A single-stage strategy should be used when possible. However, provisional staging could be considered in patients with renal dysfunction, complex coronary disease (including CTO), or if it is thought during PCI that deferring intervention to 1 or more vessels is in the patient’s best interests (e.g., because of unexpected high contrast volumes or procedural complications during PCI to the first vessel). Staging must be pre-specified at the index procedure. Urgent revascularization before the planned second-stage procedure will be considered a secondary endpoint.
Optimal medical therapy in both arms
To ensure that patients in both arms of the trial receive optimal medical and device therapy, there is a nominated HF lead at each participating center who is actively involved in patient selection and monitoring of therapy during the course of the trial. Furthermore, a trial Medical Therapy Committee has been established that will review available evidence and guidelines at least annually and refine recommendations to ensure that drug and device therapy given to all patients in the trial remains optimal and contemporary. Each site is provided with a standard operating procedure for delivering and monitoring OMT, which sets out classes of drugs appropriate for trial patients, including HF therapies—such as angiotensin converting enzyme inhibitor or angiotensin receptor blocker +/− neprilysin inhibitor, beta-blocker, and mineralocorticoid receptor antagonist (23)—and secondary prevention for atherosclerosis including statins and antiplatelet agents as well as recommended treatment targets including lipid profile, HbA1c, and resting heart rate. Formal anticoagulation for LV thrombus detected on imaging or as prophylaxis for severe LV dysfunction/dyskinesis is at the discretion of the treating physician. Initiation of these treatments, dose-titration, and relevant monitoring is per local HF protocols.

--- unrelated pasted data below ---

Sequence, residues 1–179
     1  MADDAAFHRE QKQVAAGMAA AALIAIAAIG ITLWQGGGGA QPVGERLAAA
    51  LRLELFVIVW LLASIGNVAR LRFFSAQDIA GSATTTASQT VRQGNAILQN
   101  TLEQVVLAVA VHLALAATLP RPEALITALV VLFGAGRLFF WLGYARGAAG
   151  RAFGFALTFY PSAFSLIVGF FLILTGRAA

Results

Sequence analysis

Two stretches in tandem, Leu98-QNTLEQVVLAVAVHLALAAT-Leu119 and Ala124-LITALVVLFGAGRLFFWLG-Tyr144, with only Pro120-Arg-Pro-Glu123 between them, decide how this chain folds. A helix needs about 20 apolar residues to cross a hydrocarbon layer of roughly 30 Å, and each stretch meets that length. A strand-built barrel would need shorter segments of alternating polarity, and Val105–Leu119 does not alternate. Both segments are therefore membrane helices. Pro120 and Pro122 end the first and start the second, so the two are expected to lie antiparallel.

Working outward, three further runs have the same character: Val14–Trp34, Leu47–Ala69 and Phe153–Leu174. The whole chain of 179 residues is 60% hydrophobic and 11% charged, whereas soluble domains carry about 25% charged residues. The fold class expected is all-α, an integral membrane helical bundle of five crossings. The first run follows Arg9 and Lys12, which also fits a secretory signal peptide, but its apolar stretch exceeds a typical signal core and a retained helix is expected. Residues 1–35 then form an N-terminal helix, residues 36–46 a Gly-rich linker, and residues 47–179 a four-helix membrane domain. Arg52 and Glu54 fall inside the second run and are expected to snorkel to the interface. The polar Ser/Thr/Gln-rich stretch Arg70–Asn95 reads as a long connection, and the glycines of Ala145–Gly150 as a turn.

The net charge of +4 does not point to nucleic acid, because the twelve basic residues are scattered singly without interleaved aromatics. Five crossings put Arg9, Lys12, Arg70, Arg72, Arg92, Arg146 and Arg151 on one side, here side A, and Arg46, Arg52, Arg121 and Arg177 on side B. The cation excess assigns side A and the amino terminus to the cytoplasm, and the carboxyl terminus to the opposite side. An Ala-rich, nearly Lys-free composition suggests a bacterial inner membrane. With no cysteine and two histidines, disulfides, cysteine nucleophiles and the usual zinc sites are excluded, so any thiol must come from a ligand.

Eligible patients are initiated on medical therapy before randomization and, in patients presenting with de novo HF, assessment of LVEF is deferred if they are not on appropriate medical therapy at presentation. Optimization of medical and device therapy will continue in both groups even after randomization, throughout the course of the trial.
ICD implantation is not mandatory for inclusion in REVIVED, although many patients who fulfill trial eligibility criteria may also be candidates for primary prevention ICDs. Participating sites are encouraged to follow international guidelines (23) when deciding on ICD or resynchronization device therapy and to make and document the decision to implant—or not implant—a device before randomization.